We check Emma every night at Midnight, 3AM and 6AM and in between those times as we feel is needed. We check not just to catch any undetected lows (which, by the way we have caught more than once after a long day of activity) but also to correct those occasional unpredicted highs that need to be brought down before mornong. I really think keeping her BS in a good range during the night has helped with her having such great A1Cs. Although she never wakes up during out night checks, unless of course, we have treat a low, I still wonder if it somehow interferes with her sleep and if she is getting good quality sleep with all the checking. BUT if I didn't check and something were to happen to her during the night I would feel aweful so I just follow my gut and do what I feel is right and that is what each of us has to do when it comes to caring for our D child.

KellyMama
02-16-2009, 02:44 PM
I ALWAYS test Seth at 3 hours after dinner, if that number is where I want it, and he hasn't had an excessive amout of exercise. I don't test again.

While D doesn't stop at night. The fast acting and some other variables do...That's why some people test and some don't;)

This pretty much sums up our routine. We always test 2 hours after dinner (which is Hanna's bedtime) and again 5 hours after dinner (which is our bedtime). If those numbers are good and there are no extenuating circumstances (heavy exercise, sickness, beach day, pizza dinner etc) we don't test again. Hanna does wake up if she's low most of the time and we have a monitor in her room for her to call out to us which she's only done once in 5 years.

Tigerlilly's mom
02-16-2009, 03:45 PM
I check at night - I don't set an alarm, I just check when I wake up. I think over the past 3 years, I may have slept through the night one time. (meaning I didn't check until 4am).

This is what I found by checking at varying times of the night. When on MDI Tyler would go to bed at say 150, then he would go into the high 200's somewhere between 12-2am then would come back down around 4amish. I found that even if I didn't correct the high, he would drop into the low 100's on his own. (which is why I had to be careful with how much I corrected if I was super tired and not sure I would wake up around 4-5 to do another check) So it would appear as though he woke up around the same as he went to bed, when actually he was going quite high in the middle of the night.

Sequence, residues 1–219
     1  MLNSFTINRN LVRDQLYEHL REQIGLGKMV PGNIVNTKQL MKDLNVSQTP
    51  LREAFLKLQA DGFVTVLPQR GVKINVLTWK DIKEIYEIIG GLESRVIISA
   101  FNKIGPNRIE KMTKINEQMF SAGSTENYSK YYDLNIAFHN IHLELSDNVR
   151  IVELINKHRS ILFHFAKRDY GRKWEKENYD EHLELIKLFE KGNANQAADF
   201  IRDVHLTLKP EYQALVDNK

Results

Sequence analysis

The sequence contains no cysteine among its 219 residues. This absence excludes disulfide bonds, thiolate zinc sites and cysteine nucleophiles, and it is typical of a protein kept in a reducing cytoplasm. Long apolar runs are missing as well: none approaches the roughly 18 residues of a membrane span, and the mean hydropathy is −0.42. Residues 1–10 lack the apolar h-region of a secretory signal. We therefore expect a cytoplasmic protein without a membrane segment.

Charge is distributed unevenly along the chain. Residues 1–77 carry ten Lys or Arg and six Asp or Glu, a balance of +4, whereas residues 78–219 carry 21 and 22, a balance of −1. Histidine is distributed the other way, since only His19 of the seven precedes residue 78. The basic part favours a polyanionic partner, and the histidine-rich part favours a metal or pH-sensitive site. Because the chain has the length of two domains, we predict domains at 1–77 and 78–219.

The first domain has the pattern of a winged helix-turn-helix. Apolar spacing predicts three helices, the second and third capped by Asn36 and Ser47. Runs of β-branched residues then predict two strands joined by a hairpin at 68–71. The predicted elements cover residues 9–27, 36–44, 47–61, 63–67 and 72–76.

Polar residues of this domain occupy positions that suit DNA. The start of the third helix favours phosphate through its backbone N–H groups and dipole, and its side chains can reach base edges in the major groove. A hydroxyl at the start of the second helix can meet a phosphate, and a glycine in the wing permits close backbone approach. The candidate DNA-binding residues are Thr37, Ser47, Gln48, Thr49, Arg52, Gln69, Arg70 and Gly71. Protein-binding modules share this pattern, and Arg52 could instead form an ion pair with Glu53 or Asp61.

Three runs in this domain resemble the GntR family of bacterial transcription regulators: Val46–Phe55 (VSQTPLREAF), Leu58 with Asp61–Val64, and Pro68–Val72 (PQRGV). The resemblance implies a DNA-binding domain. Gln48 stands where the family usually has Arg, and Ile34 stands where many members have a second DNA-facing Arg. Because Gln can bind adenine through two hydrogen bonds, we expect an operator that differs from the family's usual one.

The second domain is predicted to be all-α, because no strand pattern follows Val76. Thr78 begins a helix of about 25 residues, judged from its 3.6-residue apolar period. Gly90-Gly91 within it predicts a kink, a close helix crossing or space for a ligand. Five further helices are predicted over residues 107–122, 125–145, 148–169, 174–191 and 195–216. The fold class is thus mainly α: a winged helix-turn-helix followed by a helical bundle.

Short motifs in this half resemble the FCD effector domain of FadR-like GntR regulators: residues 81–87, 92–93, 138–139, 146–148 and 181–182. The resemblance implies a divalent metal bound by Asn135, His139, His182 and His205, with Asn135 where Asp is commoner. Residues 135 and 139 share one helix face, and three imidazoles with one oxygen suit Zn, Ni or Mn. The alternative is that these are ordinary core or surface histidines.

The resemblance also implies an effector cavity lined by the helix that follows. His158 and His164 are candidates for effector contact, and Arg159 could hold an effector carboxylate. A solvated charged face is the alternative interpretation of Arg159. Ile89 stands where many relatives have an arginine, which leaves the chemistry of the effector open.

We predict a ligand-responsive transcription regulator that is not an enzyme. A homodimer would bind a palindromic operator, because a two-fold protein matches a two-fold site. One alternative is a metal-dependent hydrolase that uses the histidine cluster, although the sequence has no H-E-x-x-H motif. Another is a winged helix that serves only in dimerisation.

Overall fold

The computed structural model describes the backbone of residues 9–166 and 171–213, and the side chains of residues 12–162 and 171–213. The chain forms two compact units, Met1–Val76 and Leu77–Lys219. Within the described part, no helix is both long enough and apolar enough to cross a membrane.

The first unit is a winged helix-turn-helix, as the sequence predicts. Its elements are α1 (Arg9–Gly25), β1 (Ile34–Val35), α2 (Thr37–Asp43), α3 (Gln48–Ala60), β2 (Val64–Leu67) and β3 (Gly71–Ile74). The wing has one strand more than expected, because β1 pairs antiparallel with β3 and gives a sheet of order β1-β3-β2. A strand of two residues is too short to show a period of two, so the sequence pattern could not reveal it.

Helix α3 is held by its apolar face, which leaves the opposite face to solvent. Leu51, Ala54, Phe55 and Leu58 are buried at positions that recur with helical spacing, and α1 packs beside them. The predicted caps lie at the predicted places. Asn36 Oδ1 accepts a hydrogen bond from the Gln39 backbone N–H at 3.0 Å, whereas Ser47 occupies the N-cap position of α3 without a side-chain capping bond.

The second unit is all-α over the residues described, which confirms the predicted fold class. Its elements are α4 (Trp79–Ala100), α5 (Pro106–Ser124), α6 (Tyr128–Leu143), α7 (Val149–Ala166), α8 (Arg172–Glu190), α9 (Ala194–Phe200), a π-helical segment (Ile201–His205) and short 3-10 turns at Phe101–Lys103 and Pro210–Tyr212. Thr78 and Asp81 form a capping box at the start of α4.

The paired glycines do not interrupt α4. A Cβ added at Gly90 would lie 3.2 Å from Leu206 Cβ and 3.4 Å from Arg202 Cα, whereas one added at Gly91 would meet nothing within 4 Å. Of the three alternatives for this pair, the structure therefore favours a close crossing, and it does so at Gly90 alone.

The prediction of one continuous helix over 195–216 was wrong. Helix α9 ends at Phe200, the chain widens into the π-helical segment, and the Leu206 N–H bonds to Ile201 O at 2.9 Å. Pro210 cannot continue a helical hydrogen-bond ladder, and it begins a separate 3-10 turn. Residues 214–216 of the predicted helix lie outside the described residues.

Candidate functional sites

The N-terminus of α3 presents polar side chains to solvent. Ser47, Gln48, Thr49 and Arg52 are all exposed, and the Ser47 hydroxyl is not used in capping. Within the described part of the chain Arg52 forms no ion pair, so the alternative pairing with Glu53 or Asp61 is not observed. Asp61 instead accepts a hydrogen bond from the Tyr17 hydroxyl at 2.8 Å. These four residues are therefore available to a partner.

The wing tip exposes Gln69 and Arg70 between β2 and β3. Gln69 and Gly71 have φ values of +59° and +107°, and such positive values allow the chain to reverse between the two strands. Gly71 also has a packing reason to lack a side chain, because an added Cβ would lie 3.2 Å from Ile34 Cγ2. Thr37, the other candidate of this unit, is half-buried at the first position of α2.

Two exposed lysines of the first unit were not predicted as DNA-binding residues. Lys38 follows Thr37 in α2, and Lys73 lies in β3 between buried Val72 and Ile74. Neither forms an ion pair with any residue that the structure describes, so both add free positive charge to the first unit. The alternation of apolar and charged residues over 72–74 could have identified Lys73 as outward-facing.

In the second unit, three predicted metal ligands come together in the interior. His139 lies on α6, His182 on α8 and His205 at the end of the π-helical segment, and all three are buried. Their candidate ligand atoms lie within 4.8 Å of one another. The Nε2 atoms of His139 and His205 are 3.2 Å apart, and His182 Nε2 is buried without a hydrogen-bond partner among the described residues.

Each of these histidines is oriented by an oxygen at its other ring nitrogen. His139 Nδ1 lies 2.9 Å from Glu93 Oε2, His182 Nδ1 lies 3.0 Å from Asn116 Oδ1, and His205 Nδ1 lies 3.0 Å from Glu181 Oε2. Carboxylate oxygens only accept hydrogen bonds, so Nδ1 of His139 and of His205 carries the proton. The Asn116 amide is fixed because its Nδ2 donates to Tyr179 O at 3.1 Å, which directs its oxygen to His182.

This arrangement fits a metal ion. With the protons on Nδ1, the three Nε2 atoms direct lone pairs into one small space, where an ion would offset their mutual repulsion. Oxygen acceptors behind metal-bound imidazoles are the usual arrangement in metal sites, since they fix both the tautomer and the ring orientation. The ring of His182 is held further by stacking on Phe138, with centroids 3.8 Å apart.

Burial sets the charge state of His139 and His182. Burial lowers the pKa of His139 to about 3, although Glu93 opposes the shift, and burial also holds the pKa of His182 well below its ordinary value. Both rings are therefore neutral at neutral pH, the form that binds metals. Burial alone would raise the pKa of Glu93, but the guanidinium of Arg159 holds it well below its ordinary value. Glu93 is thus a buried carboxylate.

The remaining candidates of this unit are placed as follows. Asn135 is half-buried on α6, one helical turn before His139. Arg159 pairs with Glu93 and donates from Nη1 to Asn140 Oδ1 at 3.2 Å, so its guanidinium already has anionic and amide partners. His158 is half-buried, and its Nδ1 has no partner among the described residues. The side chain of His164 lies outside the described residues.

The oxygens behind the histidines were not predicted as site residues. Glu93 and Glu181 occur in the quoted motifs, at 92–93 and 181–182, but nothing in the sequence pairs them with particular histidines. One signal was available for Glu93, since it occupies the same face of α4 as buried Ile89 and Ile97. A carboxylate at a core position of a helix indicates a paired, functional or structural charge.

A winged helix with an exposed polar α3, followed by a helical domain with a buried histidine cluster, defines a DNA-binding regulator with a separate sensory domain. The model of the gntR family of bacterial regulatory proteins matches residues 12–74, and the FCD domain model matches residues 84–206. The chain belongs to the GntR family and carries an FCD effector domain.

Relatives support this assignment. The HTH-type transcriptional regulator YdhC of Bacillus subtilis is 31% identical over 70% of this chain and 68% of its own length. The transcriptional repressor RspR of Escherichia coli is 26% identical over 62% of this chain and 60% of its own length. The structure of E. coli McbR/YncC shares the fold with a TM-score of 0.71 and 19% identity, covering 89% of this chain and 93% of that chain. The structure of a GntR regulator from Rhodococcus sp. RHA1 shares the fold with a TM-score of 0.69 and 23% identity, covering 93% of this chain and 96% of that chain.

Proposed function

Now that he is pumping, I am able to do varying basal rates to prevent those highs and then lows during the night. I still check, because as we all know, there are no guarantees with diabetes, and what works one week may not work the next.

czardoust
02-16-2009, 04:52 PM
and what works one week may not work the next.

see that is what I hate the worst about D. :(

dqmomof3
02-16-2009, 05:01 PM
Jayden does late night exercise three nights a week, not finishing until 8pm, so I check in the middle of all those nights. Then, anytime she goes to bed high, I check.

When she wakes up high, we have a terrible time trying to get her in range and keep her there for hours the next day. Not worth it!

sugarmonkey
02-16-2009, 05:20 PM
I test Phillip a couple of times a night usually.